None of the witnesses saw him at the scene as at the time the robbery was committed. There is therefore no evidence whatsoever to show that he went back to the deceased’s home and further that he was involved in the said robbery. He may like the others have been mentioned by the accused person who absconded. The court will note at this stage that even the state counsel appears to have conceded that there was no evidence against accused 4 – accused 6. That is why his submissions only revolved around Accused No. 1,2 & 3.
The position in law is that since the person who mentioned accused 4, 5 and 6 was not called to testify, whatever information or evidence he may have had against these witnesses did and not form part of these proceedings. The same therefore remains hearsay evidence and it is not admissible. The fact that Fred Wanami did not testify makes all the information he had given the chief and the police of no evidential value whatsoever.
As matters stand now, there is not even an iota or scintilla of evidence against Accused 4, 5 and 6 to require them to be placed onto their defence. They cannot therefore be placed onto their defence. On Accused 1, accused 2 and accused 3, they were mentioned by PW2. According to this witness, when she heard the screams coming from her brother’s homestead, she rushed there. She was informed by the deceased’s children that the thugs had killed their father.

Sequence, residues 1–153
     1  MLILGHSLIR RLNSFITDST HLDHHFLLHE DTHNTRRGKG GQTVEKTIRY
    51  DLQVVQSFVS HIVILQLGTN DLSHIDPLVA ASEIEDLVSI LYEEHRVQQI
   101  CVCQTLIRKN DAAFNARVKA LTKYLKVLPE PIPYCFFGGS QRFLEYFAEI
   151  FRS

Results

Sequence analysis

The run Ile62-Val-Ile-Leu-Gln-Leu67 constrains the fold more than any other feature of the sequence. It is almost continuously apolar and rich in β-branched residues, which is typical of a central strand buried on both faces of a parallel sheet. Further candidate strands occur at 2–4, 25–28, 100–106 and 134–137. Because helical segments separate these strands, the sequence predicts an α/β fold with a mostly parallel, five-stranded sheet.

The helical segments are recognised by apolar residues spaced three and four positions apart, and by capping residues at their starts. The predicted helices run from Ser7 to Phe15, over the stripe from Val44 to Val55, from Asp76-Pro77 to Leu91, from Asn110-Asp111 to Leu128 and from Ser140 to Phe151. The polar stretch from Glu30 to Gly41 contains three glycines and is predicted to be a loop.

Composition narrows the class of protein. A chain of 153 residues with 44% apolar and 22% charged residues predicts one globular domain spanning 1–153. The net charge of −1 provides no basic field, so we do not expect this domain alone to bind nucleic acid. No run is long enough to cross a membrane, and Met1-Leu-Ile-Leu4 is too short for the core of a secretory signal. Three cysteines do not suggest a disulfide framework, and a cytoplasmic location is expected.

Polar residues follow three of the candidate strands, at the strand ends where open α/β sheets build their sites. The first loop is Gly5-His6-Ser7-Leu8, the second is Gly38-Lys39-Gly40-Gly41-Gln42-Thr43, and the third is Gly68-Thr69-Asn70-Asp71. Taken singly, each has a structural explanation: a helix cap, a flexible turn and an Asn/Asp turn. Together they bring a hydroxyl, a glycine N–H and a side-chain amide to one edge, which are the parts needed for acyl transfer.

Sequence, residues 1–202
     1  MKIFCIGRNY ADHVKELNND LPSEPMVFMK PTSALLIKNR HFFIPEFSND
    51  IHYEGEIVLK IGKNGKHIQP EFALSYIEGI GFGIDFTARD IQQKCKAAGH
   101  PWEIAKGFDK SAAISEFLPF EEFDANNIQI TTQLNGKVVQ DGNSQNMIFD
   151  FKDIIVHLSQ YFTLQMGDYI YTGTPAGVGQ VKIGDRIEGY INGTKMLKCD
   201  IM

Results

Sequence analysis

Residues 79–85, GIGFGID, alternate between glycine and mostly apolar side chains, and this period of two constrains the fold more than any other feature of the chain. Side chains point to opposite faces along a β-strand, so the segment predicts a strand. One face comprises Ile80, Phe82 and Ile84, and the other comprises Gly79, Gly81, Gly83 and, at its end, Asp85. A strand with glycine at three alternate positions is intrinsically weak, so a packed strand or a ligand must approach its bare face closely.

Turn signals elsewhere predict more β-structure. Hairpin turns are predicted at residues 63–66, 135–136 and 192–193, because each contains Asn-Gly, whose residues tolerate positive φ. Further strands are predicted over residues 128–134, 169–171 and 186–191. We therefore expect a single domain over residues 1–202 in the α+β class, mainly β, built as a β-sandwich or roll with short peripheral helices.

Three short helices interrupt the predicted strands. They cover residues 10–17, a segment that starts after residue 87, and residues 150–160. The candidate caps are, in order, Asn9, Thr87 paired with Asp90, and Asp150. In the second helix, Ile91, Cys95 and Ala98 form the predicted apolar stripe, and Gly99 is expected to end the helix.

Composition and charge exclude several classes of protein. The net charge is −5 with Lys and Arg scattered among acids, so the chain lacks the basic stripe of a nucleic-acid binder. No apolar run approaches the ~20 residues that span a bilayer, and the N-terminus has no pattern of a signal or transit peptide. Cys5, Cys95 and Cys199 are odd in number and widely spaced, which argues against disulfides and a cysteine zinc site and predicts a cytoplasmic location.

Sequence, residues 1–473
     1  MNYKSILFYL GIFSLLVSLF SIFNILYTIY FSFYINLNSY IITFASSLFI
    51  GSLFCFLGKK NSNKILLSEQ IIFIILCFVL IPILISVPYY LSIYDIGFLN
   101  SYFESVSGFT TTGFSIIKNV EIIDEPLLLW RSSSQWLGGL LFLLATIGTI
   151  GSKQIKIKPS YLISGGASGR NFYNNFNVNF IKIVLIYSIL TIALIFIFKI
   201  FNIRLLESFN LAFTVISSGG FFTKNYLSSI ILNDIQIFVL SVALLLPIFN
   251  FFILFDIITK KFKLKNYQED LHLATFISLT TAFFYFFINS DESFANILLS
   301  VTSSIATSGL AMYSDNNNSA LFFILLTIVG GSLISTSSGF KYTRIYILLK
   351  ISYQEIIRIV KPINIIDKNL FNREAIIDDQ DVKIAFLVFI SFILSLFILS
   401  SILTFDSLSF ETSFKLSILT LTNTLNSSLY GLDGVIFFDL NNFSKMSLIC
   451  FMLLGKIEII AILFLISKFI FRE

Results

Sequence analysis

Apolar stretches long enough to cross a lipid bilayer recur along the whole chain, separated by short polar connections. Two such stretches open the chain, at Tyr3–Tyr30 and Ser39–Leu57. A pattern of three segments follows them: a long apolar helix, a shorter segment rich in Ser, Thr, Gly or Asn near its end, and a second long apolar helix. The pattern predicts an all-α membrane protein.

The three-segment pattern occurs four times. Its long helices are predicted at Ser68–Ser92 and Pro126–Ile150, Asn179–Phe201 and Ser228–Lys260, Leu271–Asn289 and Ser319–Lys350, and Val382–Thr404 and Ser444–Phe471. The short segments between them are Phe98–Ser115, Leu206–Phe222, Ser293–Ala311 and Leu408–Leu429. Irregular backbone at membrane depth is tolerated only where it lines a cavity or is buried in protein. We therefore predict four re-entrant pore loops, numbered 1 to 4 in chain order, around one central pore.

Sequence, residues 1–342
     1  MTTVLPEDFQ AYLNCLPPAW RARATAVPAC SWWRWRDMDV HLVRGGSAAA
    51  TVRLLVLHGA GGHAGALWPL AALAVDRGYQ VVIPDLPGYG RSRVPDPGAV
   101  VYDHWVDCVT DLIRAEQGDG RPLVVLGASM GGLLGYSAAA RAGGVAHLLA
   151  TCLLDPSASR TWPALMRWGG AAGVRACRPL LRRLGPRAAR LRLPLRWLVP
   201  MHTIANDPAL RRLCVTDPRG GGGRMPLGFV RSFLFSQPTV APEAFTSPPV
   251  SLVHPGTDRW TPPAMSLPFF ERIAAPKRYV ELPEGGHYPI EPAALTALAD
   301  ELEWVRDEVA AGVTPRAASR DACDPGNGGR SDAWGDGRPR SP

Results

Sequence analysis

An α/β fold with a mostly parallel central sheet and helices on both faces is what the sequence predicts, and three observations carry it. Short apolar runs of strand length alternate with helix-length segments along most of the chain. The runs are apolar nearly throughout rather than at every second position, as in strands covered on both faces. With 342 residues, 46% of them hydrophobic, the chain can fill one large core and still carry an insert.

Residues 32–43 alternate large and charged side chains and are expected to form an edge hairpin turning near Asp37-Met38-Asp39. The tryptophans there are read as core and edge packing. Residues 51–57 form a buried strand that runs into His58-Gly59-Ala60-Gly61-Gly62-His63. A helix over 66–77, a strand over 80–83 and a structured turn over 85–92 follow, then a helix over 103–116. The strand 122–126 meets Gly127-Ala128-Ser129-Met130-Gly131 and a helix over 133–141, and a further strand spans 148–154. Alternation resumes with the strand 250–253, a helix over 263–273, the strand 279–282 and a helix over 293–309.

She therefore also started screaming. She said that it was at that point that a voice told her to “get lost” and she started running away. She said that one of them followed her and she therefore started running back to her father’s homestead. She told the court that in that short spell of time, she was able to identify 3 voices. She said that the voices belong to accused 1, accused 2 and accused 3 – all who were her neighbours. She said that as she ran, she heard the sound of gunfire. She therefore hid in the maize plantation. She said that after sometime, she went back to the scene. She said that she saw accused 1 Douglas carrying a rungu and he had hung a black raincoat over his arm.
She said that when she went back to the scene, accused 1 who was their immediate neighbour came to assist them. He had changed his clothes. He was one of those who took the deceased to hospital. She said that she was later called to attend an identification parade at the police station. She picked out accused 1 with no difficulty. Before I go any further, I wish to state that this identification parade was superfluous. An identification parade is conducted when a witness says that she saw a suspect who she did not know before and he/she can recognize the said suspect if he/she saw him again. Identification parades are not meant to be conducted in cases where a witness says she knows the suspect. In this case, PW2 said she had known accused 1 for 3 years – why therefore was she being required to pick him out at an identification parade?